In the newly opened UART Terminal Options field, we check if the terminal settings are correct, such as the set port and the Baud rate of UART communication. If the data is not displayed properly, it is possible that the Baud rate value is not set correctly and needs to be adjusted to 115200. If all the parameters are set correctly, click on "CONFIGURE".

UART Application Output Step 3

The next step is to click on the "CONNECT" button, after which the terminal status changes from Disconnected to Connected in green, and the data is displayed in the Received data field.

UART Application Output Step 4

Software Support

Library Description

This library contains API for Temp-Log 2 Click driver.

Key functions:

  • templog2_write_reg - Write Register function.

  • templog2_read_reg - Read Register function.

  • templog2_read_temp - Read Temperature function.

Open Source

Code example

This example can be found in NECTO Studio. Feel free to download the code, or you can copy the code below.

/*!
 * \file main.c
 * \brief Temp-Log 2 Click example
 *
 * # Description
 * This example demonstrates the use of the Temp-Log 2 Click board.
 *
 * The demo application is composed of two sections :
 *
 * ## Application Init
 * Initializes peripherals and pins.
 * Initializes I2C driver and performs device configuration.
 * Sets total active conversion time to 250 ms and 8 average samples.
 * Also sets Shutdown Mode as default mode, and after device reset puts device
 * in Continuous Conversion Mode.
 * High limit status will be set when temperature cross over the determined
 * high limit temperature value.
 * Low limit status will be set when temperature falls below the determined
 * low limit temperature value.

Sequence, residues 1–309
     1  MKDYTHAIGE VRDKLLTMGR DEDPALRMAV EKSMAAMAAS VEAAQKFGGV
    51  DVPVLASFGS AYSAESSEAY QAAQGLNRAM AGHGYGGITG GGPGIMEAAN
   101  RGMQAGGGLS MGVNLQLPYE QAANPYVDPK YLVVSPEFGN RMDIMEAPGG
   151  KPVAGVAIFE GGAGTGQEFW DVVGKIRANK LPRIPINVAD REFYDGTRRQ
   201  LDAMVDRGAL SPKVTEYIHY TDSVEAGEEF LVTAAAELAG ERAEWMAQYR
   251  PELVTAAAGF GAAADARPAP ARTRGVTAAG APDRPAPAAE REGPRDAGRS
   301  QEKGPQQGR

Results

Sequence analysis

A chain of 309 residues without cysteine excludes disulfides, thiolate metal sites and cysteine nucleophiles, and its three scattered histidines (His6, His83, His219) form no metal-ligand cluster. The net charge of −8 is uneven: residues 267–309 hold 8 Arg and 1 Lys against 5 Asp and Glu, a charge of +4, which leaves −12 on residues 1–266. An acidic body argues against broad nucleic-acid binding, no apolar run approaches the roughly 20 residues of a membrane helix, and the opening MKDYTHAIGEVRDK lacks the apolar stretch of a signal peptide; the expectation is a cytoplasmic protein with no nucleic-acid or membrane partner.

*
 * ## Application Task
 * Reads temperature value calculated to Celsius degrees.
 *
 * \author Nemanja Medakovic
 *
 */
// ------------------------------------------------------------------- INCLUDES

#include "board.h"
#include "log.h"
#include "templog2.h"


// ------------------------------------------------------------------ VARIABLES

static templog2_t templog2;
static log_t logger;

// ------------------------------------------------------ APPLICATION FUNCTIONS

void application_init( void )
{
    templog2_cfg_t templog2_cfg;
    log_cfg_t log_cfg;

    //  Click initialization.
    templog2_cfg_setup( &templog2_cfg );
    TEMPLOG2_MAP_MIKROBUS( templog2_cfg, MIKROBUS_1 );
    templog2_init( &templog2, &templog2_cfg );

    //  Click default configuration.
    templog2_default_config( &templog2 );

    /** 
     * Logger initialization.
     * Default baud rate: 115200
     * Default log level: LOG_LEVEL_DEBUG
     * @note If USB_UART_RX and USB_UART_TX 
     * are defined as HAL_PIN_NC, you will 
     * need to define them manually for log to work. 
     * See @b LOG_MAP_USB_UART macro definition for detailed explanation.
     */
    LOG_MAP_USB_UART( log_cfg );
    log_init( &logger, &log_cfg );
    log_info( &logger, "----  Temp-Log 2 Application Init Done  ----\r\n" );
}

void application_task( void )
{
    float temperature;
    uint8_t temp_status;
    uint8_t cnt;

    temp_status = templog2_data_ready( &templog2 );

    if (temp_status & TEMPLOG2_DATA_READY_MASK)
    {
        temperature = templog2_read_temp( &templog2 );

        log_printf( &logger, " > Temperature : %.2f\r\n", temperature );

        if (temp_status & TEMPLOG2_LOW_LIMIT_MASK)
        {
            log_printf( &logger, " LOW LIMIT DETECTED!\r\n" );
        }

        if (temp_status & TEMPLOG2_HIGH_LIMIT_MASK)
        {
            log_printf( &logger, " HIGH LIMIT DETECTED!\r\n" );
        }
    }
}

void main( void )
{
    application_init( );

    for ( ; ; )
    {
        application_task( );
    }
}

// ------------------------------------------------------------------------ END

Additional Support

Resources